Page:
And it promises to be as good (or even better) than the previous versions.
The third edition of the Kochi Muziris Biennale will begin on 12th December, and as always play out largely around the Fort Kochi area in Kerala. For 108 days, it will co-opt urban spaces, heritage buildings and local streets into a vortex of contemporary art. Known as the People’s Biennale, Kochi is India’s biggest such event, which showcases contemporary art which in turn straddles several art forms and questions definitions of art itself. Venice, in its 57th year, is the template for modern Biennales. Younger but well known biennales include Sydney, Shanghai, Istanbul and Berlin. 2014’s biennial theme, Whorled Expectations, curated by artist Jitish Kallat, looked to the Age of Discovery and navigation that made Kochi and the lost city of Muziris a centre of global trade in the 15th century, and at bridging several pasts through the filter of contemporary art.
This year’s theme, Forming In The Pupil Of An Eye, curated by artist Sudarshan Shetty, expands the scope considerably, making it both an individual perception yet acknowledging the memories and histories that make up this individual way of seeing. Shetty, himself one of India’s leading contemporary artists, is known for his multilayered, multimedia and often complex installations and artwork. Two of his most recognized pieces are the Magic Bus, a life-sized red bus with silver wings at Mumbai’s Maker City (a new installation, A story, A song, is showing this month at the same venue ) and Love 2006, a gigantic installation of a steel skeletal dinosaur making love to a car, which is now in a private collection.
Forming In The Pupil Of An Eye is an inclusive vision, taking in multiple arts. There will be a significant focus on performance art and poetry. Chilean revolutionary poet Raul Zuritas was presented as the first ‘artist’ of the biennale. He, along with poets from Mexico, Colombia, India, Slovenia, China and Argentina, will lead poetry readings and discuss the role of words and language in the opening week. Colombian artist Pedro Gomez Egana is developing a site-specific installation that will use sculpture, video, performance art and the audience’s participation to complete itself. Graphic artist Orijit Sen, who has created the world’s largest mural (Virasat-e- Khalsa, in Anandpur Sahib) will be a big draw. Anamika Haksar, a well known contemporary theatre personality, now in the process of working on her intriguingly named film Ghode ko jalebi khilane ja raha hoon, is also one of the names to look forward to. Artistactivist photographer Ravi Aggarwal will combine 4th century Sangam poetry with a sound and art installation, while British-Greek artist Mikhail Kharikis, who uses the voice as a “sculptural material and sociopolitical message” will show two video installations. Similarly, Hanna Tuulikki “builds worlds out of sounds” as a voice artist, composer, performer and visual artist.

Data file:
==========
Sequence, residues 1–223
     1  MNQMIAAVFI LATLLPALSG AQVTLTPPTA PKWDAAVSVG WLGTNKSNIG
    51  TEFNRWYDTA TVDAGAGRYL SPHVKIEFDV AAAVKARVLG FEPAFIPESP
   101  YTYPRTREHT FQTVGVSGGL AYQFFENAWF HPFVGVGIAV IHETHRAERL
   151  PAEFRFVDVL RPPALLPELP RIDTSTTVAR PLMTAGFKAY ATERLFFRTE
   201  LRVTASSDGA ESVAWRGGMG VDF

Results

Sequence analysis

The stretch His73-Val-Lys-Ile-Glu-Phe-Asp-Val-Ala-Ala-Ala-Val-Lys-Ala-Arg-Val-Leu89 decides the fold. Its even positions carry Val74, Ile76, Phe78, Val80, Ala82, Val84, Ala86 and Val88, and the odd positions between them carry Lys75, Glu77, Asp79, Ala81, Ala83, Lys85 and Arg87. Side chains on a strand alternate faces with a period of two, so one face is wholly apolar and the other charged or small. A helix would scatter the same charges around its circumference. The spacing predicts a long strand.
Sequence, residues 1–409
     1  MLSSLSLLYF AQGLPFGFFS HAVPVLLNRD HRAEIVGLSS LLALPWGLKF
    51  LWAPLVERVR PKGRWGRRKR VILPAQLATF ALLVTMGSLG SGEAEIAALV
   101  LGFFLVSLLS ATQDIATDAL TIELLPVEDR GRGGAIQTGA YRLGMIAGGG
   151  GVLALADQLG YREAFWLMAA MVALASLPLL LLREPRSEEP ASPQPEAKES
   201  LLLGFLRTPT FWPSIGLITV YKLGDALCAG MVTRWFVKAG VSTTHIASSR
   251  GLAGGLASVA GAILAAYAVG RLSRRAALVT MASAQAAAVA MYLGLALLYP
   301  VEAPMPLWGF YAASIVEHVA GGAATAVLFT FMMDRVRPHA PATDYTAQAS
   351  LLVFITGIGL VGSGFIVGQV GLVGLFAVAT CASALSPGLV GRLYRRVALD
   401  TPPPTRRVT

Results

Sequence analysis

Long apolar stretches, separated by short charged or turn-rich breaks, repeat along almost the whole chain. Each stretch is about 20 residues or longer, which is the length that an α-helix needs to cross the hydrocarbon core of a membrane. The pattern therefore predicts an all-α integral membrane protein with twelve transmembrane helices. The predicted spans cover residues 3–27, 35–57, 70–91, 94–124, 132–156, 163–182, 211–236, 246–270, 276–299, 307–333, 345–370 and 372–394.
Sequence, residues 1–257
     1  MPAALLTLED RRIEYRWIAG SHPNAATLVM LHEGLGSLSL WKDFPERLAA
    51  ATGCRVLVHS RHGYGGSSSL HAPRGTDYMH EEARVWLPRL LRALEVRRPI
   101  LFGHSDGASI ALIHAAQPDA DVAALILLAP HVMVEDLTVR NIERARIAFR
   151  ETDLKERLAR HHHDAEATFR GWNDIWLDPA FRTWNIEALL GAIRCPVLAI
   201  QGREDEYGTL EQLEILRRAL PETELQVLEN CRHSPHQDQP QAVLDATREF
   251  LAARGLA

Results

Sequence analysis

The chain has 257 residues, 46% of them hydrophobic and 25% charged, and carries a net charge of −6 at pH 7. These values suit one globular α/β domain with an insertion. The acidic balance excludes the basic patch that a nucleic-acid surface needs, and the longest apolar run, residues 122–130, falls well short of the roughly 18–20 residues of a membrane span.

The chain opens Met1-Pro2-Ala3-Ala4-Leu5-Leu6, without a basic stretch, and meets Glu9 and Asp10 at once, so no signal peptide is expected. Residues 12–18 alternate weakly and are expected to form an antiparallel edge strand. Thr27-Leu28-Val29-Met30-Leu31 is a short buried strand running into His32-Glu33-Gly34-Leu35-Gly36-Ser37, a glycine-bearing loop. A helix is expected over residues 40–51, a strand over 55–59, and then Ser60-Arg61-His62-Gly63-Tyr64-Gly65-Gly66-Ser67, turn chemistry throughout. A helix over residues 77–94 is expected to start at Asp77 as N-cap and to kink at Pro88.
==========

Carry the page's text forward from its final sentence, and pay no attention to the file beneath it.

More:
I am looking forward to seeing Spanish artist Javier Perez’s multimedia installation, Inversus Mundo, an HD video installation by Russian artists collective AES&F, TV Santosh’s artwork, which is often a commentary on war, and Nigerian- American Wura Natasha Ogunji’s visual performance and body art videos.
Look out for PK Sadanand’s in situ mural at Aspinwall House, or explore Japanese artist Aki Sasamoto’s performancebased art and Polish artist Alicja Kwade’s manipulation of everyday objects at Mattancherry warehouse. Check out the discussion at Willingdon Island’s Railway station on 16th Dec, on the late Chinese artist Li Bo’an’s scroll painting “Walking out of Bayan Hai” — it’s considered a masterpiece. Photographers Gauri Gill and Bharat Sikka will be sharing their own anthropological and camera eye led worldviews. Argentinean writer Sergio Chefec will spread his text as a graffiti novel across city walls. 150 drummers will open the Biennale on the 12th of December, led by Padmashri Pervana Kuttan Marar.
Performance arts, fine arts, folk art and contemporary art are not expected to function in silos or hierarchies in Kochi –there is room for dialogue, collaboration and exchange. The curatorial eye sees all this within the purview of an art biennale. The next 108 days will tell us if this is indeed so.